Tuesday, March 5, 2013

Women's Tournament preview: Fairfield vs. Siena

Here's another in the series previewing games in the upcoming MAAC women's tournament.

No. 3 Seeded Fairfield (11-7 in MAAC play, 17-12 overall) vs. No. 6 Siena (8-10, 12-17), in a quarterfinal-round game Friday at 11:30 a.m.

WHAT FAIRFIELD HAS: A precision offense predicated on a thick playbook that really tests defenses. Defensively, statistics show that Fairfield's points-allowed-average (53.2) is second-best in the league. But, that's partially because the Stags rarely push things offensively, preferring to settle into the half court to run its plays, a tactic that cuts down every game's total possessions. It has second-team all-MAAC players in forwards Katie Cizynski and Brittany Obi-Tabot  and plenty of long-range firepower in guards Katelyn Linney (53 treys this season) and Alexys Vazquez (64). Felicia DaCruz and Christelle Akon-Akech have effectively shared point-guard duties. Also, Fairfield showed what it's capable of when it's at its best with an early season five-point loss to Marist (Jan. 6) when it possessions to go ahead in the final minute and tie in the final 15 seconds, but missed shots both times.

WHAT SIENA HAS: Arguably the best player in the MAAC in 6-foot-1 senior forward Lily Grenci, the conference's only player who ranks in the top three in both scoring and rebounding, and her work has come against regular double- and triple-team defenses all season. Siena also has one of the league's top disruptive defensive forces in sophomore guard Tehresa Coles (88 steals), a solid candidate for Defensive Player of the Year honors. There's also a considerable amount of depth with nine individuals averaging at least 11 minutes of playing time per contest. Defensively, its "blizzard," (a match-up zone) has been effective at times and is proficient at getting opponents to turn the ball over. And, the Saints' inside game is effective and averages two rebounds per game more than opponents.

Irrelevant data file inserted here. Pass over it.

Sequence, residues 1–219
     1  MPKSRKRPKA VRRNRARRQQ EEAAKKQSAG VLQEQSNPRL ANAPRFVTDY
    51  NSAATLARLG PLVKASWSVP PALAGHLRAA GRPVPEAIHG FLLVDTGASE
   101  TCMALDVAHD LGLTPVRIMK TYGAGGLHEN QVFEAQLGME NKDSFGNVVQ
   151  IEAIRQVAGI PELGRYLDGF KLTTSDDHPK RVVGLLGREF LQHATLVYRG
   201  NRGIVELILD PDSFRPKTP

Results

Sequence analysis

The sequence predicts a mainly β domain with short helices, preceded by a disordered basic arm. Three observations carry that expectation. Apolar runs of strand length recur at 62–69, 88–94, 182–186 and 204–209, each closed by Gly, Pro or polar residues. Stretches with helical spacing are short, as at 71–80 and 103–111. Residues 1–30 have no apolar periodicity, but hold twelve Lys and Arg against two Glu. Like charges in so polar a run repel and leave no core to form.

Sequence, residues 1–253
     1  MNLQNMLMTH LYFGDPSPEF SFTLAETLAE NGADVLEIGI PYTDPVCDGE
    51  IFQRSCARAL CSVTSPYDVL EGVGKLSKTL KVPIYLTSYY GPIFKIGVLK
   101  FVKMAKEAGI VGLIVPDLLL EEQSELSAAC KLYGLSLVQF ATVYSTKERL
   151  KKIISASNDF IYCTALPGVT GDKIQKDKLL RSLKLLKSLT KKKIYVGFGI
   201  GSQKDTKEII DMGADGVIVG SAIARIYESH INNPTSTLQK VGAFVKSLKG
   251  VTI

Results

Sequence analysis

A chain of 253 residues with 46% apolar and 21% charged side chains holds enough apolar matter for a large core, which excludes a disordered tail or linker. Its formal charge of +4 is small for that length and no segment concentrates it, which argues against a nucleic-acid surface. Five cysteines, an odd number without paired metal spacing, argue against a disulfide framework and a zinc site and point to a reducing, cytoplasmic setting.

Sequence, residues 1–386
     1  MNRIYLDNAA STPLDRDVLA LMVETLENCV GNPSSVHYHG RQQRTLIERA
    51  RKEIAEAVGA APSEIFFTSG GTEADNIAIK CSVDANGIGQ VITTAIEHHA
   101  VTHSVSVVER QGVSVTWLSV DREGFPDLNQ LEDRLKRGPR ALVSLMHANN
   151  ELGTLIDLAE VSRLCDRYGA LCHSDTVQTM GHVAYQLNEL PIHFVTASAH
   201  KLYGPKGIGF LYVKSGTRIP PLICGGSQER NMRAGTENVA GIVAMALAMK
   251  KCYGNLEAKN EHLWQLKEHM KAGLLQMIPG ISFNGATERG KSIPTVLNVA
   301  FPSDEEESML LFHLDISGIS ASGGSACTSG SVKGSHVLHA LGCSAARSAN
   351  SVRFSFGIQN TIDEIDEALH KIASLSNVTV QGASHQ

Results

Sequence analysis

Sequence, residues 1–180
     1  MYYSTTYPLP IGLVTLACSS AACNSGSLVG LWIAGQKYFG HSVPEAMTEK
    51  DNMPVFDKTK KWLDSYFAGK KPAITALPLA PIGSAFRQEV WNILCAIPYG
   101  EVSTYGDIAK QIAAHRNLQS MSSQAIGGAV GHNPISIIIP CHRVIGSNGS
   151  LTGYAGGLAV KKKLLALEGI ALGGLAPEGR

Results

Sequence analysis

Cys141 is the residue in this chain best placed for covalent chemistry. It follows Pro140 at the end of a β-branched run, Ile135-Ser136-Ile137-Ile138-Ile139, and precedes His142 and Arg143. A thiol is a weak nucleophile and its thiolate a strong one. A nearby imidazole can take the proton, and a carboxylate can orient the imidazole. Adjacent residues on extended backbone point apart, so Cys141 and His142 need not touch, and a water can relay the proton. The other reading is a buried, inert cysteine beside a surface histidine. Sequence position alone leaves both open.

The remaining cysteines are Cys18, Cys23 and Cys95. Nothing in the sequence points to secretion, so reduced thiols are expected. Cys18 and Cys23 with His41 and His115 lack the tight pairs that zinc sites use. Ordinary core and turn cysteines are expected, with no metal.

WHAT FAIRFIELD DOESN'T HAVE: It might not have Obi-Tabot, who is arguably the league's most-improved player from a year ago and a real force in the paint. She suffered a shoulder injury two weeks ago and has missed the past three games. Coach Joe Frager said he was still uncertain, as of Monday afternoon, if Obi-Tabot would be able to play in Friday's contest. Her loss is big, both literally and figuratively.She has been the best defender against Grenci in the two previous meetings, both Fairfield victories (by six and seven points). Without Tabot, Fairfield has been 1-3 down the stretch (losing to Niagara, Loyola and Marist), so the team also lacks momentum.

WHAT SIENA DOESN'T HAVE: A consistent "second fiddle" to Grenci's virtuoso solo performance. Coles (at 9.1 ppg.) is the next-leading scorer. The Saints also lack almost any sort of outside attack.They shoot just 33.3 percent from the floor, ninth in the MAAC and in the bottom 20 nationally of 343 Division I teams. Defensively, the Saints' zone has been victimized by outside shooters (including Fairfield's Vazquez, who made three wide-open three-pointers in the closing minutes of the Stags' first win over the Saints). There has also been considerable inconsistency throughout the year and Siena suffered back-to-back 20-point-plus\losses (to Iona and Rider) before finishing out with a season-ending victory over Canisius.

HOW FAIRFIELD CAN WIN: Just run that offensive effectively, find open shots and make them. Linney is the program's all-time leader in made three-pointers, and Vazquez would have  been No. 2 nationally in 3-point shooting percentage last season had she made enough to qualify for the national leaders. Freshman Kristin Schatzlein (21 treys this year) gives the Stags yet another outside option. Fairfield, though, almost assuredly needs Obi-Tabot to be relatively healthy to have any chance to make a run in this event. Without her, the likely starter is senior Brittany MacFarlane, who has battled rheumatoid arthritis all season and hasn't been the player she was a year ago when she was the MAAC's Sixth Player of the Year.

HOW SIENA CAN WIN: Do effectively what it has tried to do (and has done well at times) all season, which is pound the ball inside, particularly to Grenci, and get to the foul line. The defense, though, will have to be better than usual guarding the three-point line, which is almost always a concern for teams that play primarily a zone.  Someone will have to step up offensively to support Grenci, and Siena will have to make its open looks, a trait that hasn't been there often enough. Tough to envision a team coming out of the No 6 spot getting past both No. 3 (Fairfield) and, then, probably No. 2 (Iona) before getting to the championship game. Yet ... Fairfield will be vulnerable if Obi-Tabot isn't at her best, and Siena does have an early season victory over the Gaels.

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